What happened last Thursday was a massive setback for the democracy movement. This is a dangerous time for them. They could retreat further into their own self-reinforcing bubble, blaming everyone else for their loss, but they could take this loss and use it as a springboard for the rejuvenation the movement has so clearly needed for so long. As democrats, they should listen to the message the people have given them before it’s too late.

Emma Burnell represents the socialist societies on Labour’s national policy forum and is author of the Scarlet Standard blog.

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6 Responses to “Where next for the democracy movement?”

  1. We completely agree with your final point about the low level of voter turnout/general political engagment as being a far greater problem for democracy as a whole than how we chose representatives.

    15 million people who could have voted at the last election didn’t vote (nb only 10 million voted Conservative) a different electoral system won’t change that.

    It will require a joint effort from both elected representatives, candidates, the media, and the public to remedy this.


  2. Ralph Baldwin says:

    Good article, Emma, though there are many reasons why people choose not to vote I find on the doorsteps many people who do not vote but care about issues quite passionately. They are political but not Party political and on the other side of the coin there are many politicians who lack that kind of issue based interest and certainly no interest in the views of people.

    Working out who is more apathetic, the political class or the people as politicians quibble over minor details on policy whilst he public from their professional and personal lives have a great deal to disagree about in terms of what Government does and therefore disinclined to identify with the “weird people” not representing them is difficult.

    The voting system is hardly going to address this and is a symbol of the shallowness and lack of understanding of democracy in Parliament.

  3. iain ker says:

    The basic flaw with AV is that on a ballot-paper which the first preference was not for the winner or the runner-up the ranking of the candidates makes a difference. EG on this ballot-paper the fact that a candidate is ranked as bottom of the preferences counts against that candidate.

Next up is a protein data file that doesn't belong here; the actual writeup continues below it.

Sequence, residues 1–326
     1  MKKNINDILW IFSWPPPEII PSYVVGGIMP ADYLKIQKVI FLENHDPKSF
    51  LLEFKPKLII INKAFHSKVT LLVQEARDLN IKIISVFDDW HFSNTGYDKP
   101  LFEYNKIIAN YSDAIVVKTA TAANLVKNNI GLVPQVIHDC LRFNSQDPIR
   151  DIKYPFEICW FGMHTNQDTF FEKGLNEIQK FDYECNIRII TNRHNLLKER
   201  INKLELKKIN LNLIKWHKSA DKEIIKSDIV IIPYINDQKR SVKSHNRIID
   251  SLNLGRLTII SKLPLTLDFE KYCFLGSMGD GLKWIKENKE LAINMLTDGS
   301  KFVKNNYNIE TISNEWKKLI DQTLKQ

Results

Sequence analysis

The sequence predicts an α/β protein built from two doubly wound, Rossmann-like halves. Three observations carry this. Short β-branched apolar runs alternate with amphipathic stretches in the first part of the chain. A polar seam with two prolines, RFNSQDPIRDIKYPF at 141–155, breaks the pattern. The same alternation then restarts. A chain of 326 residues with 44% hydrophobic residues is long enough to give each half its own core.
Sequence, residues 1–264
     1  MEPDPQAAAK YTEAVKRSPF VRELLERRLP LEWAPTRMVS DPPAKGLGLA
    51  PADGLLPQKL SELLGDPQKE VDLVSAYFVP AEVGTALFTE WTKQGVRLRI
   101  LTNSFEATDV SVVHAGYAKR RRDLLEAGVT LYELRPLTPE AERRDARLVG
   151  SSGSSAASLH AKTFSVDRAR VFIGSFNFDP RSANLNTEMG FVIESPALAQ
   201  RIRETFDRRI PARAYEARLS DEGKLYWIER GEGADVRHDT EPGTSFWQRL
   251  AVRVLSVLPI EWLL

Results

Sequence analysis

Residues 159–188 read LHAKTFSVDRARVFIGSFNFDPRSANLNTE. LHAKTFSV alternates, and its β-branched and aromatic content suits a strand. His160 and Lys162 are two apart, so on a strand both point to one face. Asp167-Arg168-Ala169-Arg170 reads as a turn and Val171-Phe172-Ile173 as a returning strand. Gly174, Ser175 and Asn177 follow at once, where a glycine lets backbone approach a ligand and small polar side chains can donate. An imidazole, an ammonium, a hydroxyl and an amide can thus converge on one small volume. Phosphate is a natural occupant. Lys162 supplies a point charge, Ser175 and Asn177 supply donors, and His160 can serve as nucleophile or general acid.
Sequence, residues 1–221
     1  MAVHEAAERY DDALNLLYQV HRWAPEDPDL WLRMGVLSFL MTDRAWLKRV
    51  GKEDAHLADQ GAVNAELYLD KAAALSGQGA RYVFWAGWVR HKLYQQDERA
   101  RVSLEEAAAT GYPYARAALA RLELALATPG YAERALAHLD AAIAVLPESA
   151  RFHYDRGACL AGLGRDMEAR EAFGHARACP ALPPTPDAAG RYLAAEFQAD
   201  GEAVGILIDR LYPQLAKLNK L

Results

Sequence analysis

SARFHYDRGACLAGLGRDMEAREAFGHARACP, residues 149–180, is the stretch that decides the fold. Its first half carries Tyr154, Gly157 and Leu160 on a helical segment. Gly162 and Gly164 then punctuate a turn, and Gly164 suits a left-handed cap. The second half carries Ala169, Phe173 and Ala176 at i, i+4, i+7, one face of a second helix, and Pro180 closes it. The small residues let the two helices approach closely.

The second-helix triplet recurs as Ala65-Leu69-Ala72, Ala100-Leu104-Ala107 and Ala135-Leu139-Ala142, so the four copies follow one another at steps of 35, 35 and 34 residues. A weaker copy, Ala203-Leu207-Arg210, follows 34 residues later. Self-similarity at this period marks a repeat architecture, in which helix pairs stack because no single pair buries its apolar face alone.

This is not the case for ballot-papers on which the winner or the runner-up was the first preference. The rankings on these ballot papers get ignored. Clearly then some ballot papers are more equal than others.

    The No campaigners inadequately described this ‘some people get more than one vote’. But they were reaching for the truth.

    This is clearly (and let’s use the catch-all du jour) unfair.

    Stupid system and an utterly half-witted idea by the LibDems to waste their own political capital and more importantly our financial capital on this nonsense.

    LibDems – In Government And Out Of Touch

  4. Excellent article

  5. I think you’ve missed the point that for many of us electoral reform was just not the most pressing issue given the current economic & political climate.

    I believe the only reason it went ahead is due to Clegg’s own sense of self importance-been very quite since hasn’t he.
    The timing of the referendum was offensive given the amounts spent on it whilst many of us are suffering as a result of cuts. There are more dire pressing issues to adresss, I therefore abstained as there was no option to reflect this on the ballot paper.

  6. William Bowden says:

    Where next for the democracy movement? simply we do not care how the voting happens its the attitude of politicians in power.
    Communism failed, Socialism became labeled with corruption and silly spending.
    Capitalism well caught cancer of greed.
    So the what next is how we rest to each other.
    Ground rules are needed.
    All people are not equal
    but minimum standards are needed
    NO PERSON in the world should stave,die from ill health, et etc.
    Simple yes?
    Lets start the discussion how to cure the greed stop the wars, calm down the companies that run society.
    The time is now so lets start making the foundation of a human race to be proud of one that looks after each other rewards those that work hard and does not reward those that blackmail there fellow human because they know something you don’t.
    No names but there are a lot of you who’s charges to society for there time is no better than the blackmailer.
    I could go on and will be ignored why because what i propose is too scary for some.